"It's a little scary positive," said Anne Banas, executive editor of travel Web site SmarterTravel, who notes that all of these people have a vested interest in tourists arriving regardless of the actual conditions. "A lot of the tourism offices are going to be very positive, but from the consumer perspective do your own research."
Banas advises travelers to check with state health departments, which are responsible for closing beaches, and to read local newspapers online.
In Alabama, which currently seems to be getting the brunt on the oil, the state Department of Public Health has a particularly detailed page, providing people with up-to-date information about beach closures. The Florida Department of Health has also has a special website dedicated to the response to the Deepwater Horizon spill.
Small vacation-rental owners are being hit particularly hard, Banas said.
"It's really telling that they're having trouble booking, even for the Fourth of July," she said. "A lot of people who were going to the beach along the coast are now having second thoughts."
For travelers who still pick a beach town along the Gulf of Mexico, Banas suggests investigating what museums, small towns and theme parks might be nearby, in case the beach is closed. Even ask if the hotel has a pool.
"If you're going for the sole purpose of a beach vacation, you have to at least have your ideas of the ideal beach vacation smashed a bit," she said. "It's going to be hard with kids to say: 'We're going to the beach but there might be tar balls.'"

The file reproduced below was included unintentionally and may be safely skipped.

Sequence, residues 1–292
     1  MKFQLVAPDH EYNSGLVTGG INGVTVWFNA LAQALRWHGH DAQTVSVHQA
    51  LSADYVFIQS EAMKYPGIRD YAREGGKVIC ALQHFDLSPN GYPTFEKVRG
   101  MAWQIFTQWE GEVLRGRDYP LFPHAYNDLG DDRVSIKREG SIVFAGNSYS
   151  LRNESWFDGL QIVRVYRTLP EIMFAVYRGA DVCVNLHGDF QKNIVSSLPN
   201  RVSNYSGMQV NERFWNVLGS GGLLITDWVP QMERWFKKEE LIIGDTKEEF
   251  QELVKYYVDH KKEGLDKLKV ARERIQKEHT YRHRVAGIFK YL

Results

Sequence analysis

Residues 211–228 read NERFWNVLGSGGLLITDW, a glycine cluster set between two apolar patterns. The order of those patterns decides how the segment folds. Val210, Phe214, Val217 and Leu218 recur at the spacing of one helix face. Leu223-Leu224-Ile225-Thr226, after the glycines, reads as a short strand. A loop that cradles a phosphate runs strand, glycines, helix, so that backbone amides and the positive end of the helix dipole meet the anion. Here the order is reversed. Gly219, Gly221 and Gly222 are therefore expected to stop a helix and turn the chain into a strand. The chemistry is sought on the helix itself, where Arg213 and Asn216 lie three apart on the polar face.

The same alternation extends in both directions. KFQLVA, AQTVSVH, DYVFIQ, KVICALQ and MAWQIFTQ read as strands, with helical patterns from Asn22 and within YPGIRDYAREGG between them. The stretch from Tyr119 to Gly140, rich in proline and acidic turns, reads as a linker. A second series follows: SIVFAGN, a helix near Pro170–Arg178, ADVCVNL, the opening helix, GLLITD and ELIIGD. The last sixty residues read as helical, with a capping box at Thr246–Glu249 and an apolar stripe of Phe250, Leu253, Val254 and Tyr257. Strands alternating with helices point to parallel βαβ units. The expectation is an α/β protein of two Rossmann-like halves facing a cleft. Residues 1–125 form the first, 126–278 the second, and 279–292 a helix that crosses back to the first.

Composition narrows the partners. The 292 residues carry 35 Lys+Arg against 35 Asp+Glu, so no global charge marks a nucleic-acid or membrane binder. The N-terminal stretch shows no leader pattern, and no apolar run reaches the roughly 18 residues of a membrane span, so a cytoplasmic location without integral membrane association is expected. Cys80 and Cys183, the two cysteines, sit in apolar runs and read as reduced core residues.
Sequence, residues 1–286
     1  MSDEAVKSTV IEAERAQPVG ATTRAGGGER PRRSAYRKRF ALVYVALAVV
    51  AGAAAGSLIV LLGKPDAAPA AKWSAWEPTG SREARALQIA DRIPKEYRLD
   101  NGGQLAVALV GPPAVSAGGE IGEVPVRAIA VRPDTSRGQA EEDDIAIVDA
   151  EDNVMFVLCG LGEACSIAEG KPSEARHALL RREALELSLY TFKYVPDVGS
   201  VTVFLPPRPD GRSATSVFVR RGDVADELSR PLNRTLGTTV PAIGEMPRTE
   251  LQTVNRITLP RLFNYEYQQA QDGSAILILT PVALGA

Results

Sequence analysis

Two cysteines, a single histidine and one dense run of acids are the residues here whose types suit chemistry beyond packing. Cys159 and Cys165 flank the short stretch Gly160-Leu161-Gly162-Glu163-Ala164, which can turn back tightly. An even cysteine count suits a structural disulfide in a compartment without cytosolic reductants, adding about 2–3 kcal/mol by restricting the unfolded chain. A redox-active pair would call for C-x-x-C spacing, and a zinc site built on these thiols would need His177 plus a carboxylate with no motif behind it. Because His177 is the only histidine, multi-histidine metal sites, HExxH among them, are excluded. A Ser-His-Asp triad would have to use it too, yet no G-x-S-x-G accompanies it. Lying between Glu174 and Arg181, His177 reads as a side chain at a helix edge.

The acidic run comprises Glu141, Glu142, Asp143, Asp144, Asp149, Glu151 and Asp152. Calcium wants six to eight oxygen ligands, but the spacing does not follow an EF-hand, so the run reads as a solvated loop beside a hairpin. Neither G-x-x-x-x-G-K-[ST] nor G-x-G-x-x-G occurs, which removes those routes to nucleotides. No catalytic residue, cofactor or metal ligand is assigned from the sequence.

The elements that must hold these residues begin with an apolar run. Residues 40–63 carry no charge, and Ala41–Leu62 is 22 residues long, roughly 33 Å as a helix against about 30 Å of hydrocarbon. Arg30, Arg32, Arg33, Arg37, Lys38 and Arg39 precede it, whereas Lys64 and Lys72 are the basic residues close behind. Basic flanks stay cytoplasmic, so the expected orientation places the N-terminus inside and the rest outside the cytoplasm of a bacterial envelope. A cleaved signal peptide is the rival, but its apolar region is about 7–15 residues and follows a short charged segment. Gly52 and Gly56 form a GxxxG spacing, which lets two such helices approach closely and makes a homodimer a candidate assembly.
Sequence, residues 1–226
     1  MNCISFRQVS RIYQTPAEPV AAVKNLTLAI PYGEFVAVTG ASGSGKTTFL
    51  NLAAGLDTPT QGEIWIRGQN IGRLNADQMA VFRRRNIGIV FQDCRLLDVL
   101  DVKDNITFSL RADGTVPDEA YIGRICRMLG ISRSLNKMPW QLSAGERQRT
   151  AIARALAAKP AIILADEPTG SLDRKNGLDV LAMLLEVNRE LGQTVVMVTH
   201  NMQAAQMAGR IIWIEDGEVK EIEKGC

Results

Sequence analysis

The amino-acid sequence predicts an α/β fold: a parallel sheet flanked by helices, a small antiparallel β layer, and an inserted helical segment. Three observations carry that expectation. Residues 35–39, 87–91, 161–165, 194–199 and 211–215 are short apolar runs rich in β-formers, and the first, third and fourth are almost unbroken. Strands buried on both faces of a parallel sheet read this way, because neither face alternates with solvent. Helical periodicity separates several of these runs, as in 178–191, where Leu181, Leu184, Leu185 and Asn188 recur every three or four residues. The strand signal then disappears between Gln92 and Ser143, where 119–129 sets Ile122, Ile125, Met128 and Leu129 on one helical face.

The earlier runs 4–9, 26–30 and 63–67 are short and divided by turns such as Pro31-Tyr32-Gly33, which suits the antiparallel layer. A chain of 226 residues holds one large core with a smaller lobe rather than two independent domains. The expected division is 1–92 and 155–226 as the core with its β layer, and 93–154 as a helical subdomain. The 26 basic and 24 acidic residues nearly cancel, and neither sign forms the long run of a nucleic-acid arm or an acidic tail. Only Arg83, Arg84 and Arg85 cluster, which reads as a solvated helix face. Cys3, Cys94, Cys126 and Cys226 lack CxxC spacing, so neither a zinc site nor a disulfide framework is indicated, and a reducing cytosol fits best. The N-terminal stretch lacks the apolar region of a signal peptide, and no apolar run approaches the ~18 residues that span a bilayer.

Banas suggested that some families might even want to consider spending some time volunteering to clean up affected beaches.
"You might not be splashing in the ocean, but you would be helping out," she said.
Numerous hotels and resorts that normally have strict cancelation policies are allowing guests to cancel up to the day before as part of an effort to draw back wary tourists.
The Hilton Sandestin Beach Golf Resort in Destin, Florida, recently changed its cancelation policy, allowing a full refund to guests who cancel seven days or more in advance. If the beach in front of the hotel is closed by city, county, state or federal government authorities, guests can cancel within 24 hours.
Other hotels have a similar policy and travel-booking site Orbitz has even created a special booking section with hotels participating in its "Open Beach Guarantee," allowing refunds and cancelations if the government closes a beach within 20 miles.
Not everybody is hurting. For instance, Port Arthur, Texas, has been reporting many more inquires than usual about rental properties and its beaches, which so far have been largely unaffected by the spill. Beach communities along Florida's Atlantic coast have also reported an increase in tourist inquires.
Tourism-related lawsuits are also already starting to creep in. The Florida law firm Podhurst Orseck just filed two class actions on behalf of a Key West property rental company and a fishing charter blaming BP and others for destroying their businesses.